Does Long Distance Create Emotional Distance In Your Relationship?

Living apart from a partner is never easy. Because you may go a long time without seeing each other, the literal distance can often create emotional distance or a feeling that this relationship is not a priority to one or both partners. The more you fight about long distance, the more frustration or hurt you may feel. It can also create a problem when one partner’s expectations about long distance is different from the other’s. Moreover, long distance can make it harder to share the mundane day-to-day activities, challenges, and accomplishments of each of your lives, which can lead to feeling disconnected and lonely.

You may both want to feel closer, but don’t know how to make it happen, or you may fight about one partner caring more to stay connected. Do you and your partner have different expectations for how you should handle living apart? For example, do you fight about how often you talk or how you can keep the connection despite the distance?  Or has living apart interfered with one or both of you feeling emotionally close? If so, read below to learn more about how to address these concerns.

“We both want things to get better but don’t know how to make things better.”

Tips for Both Partners:

  1. Talk About Your Day. Geographically close couples often talk about the little events in life that have either happened or are upcoming – which over time builds closeness and intimacy; however, when in a long distance relationship, it can be easy to forget to include your partner in these small life details. Therefore, start every call with taking five minutes to ask each other how your days were and to share in each other’s worlds, even when miles apart.
  1. Make The Minutes Count. Long distance couples often think that talking all the time is the solution to their feelings of disconnectedness. But sometimes, this can create more problems. Think about it. When you live close to someone, you likely don’t call them every five minutes to say hi. Instead, you probably wait until something big happens or after work/school to talk. One recommendation then is for you to prioritize quality of conversation versus quantity. If you are always on the phone with nothing to say, you may start resenting each other. Instead, make the most of the calls you have and when you are on the phone with each other, share your day, talk about how much you miss each other, or talk about your shared values and interests. Additionally, consider being creative by sending each other pictures, audio clips, or videos. When you each put in this effort to stay connected, you’re both more likely to feel loved and attended to.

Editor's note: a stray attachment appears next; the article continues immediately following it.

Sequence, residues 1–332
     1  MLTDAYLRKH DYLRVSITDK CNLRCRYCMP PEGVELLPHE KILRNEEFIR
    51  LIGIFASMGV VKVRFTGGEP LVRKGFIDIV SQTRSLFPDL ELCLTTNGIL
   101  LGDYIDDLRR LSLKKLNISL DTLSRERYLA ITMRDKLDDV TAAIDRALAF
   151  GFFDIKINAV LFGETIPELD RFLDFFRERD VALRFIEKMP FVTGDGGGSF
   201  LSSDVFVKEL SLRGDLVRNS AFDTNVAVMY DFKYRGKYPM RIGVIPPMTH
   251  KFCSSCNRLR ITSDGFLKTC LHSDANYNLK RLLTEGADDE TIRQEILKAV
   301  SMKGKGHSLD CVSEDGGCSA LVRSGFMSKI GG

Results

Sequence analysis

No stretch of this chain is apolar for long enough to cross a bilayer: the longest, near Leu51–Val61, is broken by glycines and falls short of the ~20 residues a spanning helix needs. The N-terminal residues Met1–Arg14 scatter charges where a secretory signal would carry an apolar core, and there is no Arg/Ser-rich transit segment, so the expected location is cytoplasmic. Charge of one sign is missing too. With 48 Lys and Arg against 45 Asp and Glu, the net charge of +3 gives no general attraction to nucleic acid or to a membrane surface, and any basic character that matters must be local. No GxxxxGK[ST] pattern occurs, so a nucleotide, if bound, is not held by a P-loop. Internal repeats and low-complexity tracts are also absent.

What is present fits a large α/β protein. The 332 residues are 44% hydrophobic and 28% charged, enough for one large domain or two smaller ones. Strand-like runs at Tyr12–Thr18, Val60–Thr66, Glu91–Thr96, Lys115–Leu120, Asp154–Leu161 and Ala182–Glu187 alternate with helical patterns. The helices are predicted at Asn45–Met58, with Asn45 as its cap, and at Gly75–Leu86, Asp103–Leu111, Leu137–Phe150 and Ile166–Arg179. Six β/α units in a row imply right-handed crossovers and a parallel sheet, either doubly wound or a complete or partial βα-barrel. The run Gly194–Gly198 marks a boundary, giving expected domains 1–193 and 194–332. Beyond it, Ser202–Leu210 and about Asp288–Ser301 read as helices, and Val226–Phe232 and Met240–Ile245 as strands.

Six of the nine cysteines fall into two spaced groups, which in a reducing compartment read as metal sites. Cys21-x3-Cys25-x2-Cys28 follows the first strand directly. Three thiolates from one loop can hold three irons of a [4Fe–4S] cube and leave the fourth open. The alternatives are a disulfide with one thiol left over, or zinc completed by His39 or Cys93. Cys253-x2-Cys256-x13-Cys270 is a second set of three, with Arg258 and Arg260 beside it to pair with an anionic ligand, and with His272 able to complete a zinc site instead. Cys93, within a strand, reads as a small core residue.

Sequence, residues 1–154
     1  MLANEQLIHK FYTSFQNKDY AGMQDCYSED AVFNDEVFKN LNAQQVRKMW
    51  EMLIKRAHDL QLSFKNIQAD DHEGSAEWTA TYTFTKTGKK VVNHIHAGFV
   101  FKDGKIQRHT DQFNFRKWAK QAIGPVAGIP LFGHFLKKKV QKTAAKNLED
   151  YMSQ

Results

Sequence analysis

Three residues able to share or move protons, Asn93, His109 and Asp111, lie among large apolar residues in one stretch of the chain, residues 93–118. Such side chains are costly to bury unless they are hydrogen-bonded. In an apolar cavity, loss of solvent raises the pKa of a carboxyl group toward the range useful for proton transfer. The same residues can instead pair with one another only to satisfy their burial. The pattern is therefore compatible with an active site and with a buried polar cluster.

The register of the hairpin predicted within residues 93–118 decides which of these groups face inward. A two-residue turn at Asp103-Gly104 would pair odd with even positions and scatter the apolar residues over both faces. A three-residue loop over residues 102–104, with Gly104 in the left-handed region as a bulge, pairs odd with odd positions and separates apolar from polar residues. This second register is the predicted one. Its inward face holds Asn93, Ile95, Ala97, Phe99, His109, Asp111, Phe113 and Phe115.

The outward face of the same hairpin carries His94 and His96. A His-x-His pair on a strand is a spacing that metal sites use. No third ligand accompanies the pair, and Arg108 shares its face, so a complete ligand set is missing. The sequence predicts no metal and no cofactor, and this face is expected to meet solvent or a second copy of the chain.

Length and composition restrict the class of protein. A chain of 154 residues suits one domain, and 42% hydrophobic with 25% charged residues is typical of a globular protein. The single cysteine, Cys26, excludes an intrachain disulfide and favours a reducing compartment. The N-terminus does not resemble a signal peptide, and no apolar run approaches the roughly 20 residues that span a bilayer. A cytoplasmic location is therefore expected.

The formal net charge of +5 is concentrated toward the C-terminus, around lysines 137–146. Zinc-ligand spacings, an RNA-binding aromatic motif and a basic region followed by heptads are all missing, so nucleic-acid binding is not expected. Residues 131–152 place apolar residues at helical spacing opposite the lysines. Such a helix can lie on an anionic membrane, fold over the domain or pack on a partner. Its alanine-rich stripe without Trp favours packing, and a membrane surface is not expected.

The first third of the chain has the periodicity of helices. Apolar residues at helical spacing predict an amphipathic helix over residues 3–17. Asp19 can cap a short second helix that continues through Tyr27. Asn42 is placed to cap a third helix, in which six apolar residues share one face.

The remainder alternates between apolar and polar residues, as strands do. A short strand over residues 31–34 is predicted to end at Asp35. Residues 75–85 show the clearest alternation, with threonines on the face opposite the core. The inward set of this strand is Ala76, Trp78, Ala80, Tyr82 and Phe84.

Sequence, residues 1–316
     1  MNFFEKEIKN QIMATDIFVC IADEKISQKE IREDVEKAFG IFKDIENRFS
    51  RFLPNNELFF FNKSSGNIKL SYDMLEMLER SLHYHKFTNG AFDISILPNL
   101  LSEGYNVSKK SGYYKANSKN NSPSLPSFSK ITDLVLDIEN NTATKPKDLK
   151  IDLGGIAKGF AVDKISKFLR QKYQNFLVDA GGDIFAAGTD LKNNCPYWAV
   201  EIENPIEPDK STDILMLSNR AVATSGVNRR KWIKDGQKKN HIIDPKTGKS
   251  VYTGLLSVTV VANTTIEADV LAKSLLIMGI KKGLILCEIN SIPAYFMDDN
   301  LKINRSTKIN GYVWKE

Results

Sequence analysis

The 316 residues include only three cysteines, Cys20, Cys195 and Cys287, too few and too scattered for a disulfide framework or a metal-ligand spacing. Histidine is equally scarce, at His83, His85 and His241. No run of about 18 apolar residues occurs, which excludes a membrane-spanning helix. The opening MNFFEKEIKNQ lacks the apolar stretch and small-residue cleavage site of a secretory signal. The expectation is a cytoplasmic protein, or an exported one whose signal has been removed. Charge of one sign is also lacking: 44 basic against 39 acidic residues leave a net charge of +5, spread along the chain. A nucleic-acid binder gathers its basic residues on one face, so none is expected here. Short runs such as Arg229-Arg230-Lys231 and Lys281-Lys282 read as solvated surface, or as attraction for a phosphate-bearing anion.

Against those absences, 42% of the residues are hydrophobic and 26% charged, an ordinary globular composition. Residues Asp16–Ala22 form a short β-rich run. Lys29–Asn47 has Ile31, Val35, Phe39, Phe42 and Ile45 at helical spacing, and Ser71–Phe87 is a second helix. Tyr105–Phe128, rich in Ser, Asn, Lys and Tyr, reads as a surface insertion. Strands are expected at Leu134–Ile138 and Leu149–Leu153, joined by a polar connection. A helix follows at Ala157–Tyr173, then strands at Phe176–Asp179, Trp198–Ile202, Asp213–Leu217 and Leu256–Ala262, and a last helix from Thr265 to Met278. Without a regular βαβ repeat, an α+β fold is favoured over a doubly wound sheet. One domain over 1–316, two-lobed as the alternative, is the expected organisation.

1. Set Some Ground Rules. Long distance couples often differ on how much time to spend on the phone, how much to say, whether to use the phone or Skype/Gchat/FaceTime, etc., and/or who is commuting for the next visit. This can often cause a lot of tension. If this is true for you, discuss your expectations for how you can both feel fulfilled in the relationship.
  1. Mix Up Your Time Together. When you’re together, try to do activities alone (just the two of you) as well as activities together with friends or family. When one person is long distance, it’s important that person get to know friends/family and be a part of the partner’s social life.  That way, when the partner talks about things that have happened with friends/family, the long-distance person can know those people and be involved in the conversation.  Involving the long-distance person in the partner’s social life also communicates to other that your relationship is important – potentially protecting it against unwanted advances by other potential partners.
  1. Date Each Other. Geographically close couples often prioritize date nights every once in a while. Don’t let the miles between you stop you from doing the same. There are plenty of activities that can be done such as watching a TV show at the same time or playing an online game that will allow you to take each other out on a date or feel connected. Here is a list of possible suggestions:
  1. Complete a Free, Online Self-Help Program. Consider working on your relationship using our proven, self-help relationship program. Our program is developed by leaders in the fields of couple therapy and pre-marital education and has been shown through extensive research to improve relationships – more than in-person classes and almost as much as marriage counseling. You’ll work with your partner to complete online activities and receive free support from one of our program coaches. Our program is developed by leaders in the fields of couple therapy and pre-marital education. So, you can be confident that it’s the best thing you can do to strengthen your relationship without the hassle and cost of a therapist. Not sure your partner would go for it?  Take a look at these tips for how to introduce the idea. To find out more about our program, go to our home page.


Extra Resources

The suggestions presented here may help you break the cycle you and your partner are struggling with when long distance is negatively impacting the relationship. Here are a few more resources for you to help in this area: